Current Insurance Model:  The current model optimized the old model and made the transition from carrier-centric to agent-centric, which means that things are less paper-based and more electronic and that there is more process pushed onto the agent to be closer to the customer. In this model, the agent is empowered to issue policies under certain limits and risk frameworks—the carrier is not the gating factor and central node anymore.

Instead of batch-processing policies at the carrier level, the system has moved to exception processing at the carrier level (when concerned with nonstandard data and policies), thereby leveraging the agent. The result is faster quotes and policies signed more quickly, with the time going from days and weeks to hours or just a day. Customer service will go the same route. Claims management will still remain the central concern of the carrier, though.

Digital Insurance Model:  This is the way of the future. It is neither carrier- nor agent-centric, and it certainly is not product-centric any more. This model is truly customer- and data-centric—very similar to what we witness in digital banking. The carrier reaches out to the customer in an omni-channel way. Third-party data sources are readily available, and the technology to process and digest the data is extremely effective and delivers fast and furiously. Machine learning allows for near-instantaneous underwriting at a carrier or agent level, any time, anywhere. The customer can now get a policy in minutes.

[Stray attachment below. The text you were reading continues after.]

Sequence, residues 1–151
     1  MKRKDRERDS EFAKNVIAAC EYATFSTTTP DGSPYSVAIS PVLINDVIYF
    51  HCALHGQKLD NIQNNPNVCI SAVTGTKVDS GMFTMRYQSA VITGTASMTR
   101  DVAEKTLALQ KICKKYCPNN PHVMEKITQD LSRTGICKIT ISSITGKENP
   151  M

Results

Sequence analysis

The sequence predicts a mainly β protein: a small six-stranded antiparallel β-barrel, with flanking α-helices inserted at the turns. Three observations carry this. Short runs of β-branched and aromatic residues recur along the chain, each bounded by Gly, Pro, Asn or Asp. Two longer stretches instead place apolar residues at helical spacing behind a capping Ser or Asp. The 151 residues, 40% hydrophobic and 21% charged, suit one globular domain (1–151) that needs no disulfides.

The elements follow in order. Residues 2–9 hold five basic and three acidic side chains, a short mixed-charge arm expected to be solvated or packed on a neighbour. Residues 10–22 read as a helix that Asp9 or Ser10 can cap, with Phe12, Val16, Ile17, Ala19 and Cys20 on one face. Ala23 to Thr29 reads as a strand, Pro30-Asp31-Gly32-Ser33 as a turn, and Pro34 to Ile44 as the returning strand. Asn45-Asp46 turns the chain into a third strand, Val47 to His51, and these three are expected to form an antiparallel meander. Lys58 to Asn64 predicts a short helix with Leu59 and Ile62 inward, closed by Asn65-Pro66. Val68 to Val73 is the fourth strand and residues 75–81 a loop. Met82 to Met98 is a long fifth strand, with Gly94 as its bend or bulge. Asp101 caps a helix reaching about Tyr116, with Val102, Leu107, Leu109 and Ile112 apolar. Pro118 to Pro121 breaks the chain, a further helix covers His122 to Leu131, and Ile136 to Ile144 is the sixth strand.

Processes after policy-signing follow a similar transformative route. The technology implications are material: new core systems of record, less silo effect, more integration, massive investments in data warehouses and in products and services that act as layers of connection between data repository centers, core systems, claims management platforms, underwriting platforms and omni-channel platforms.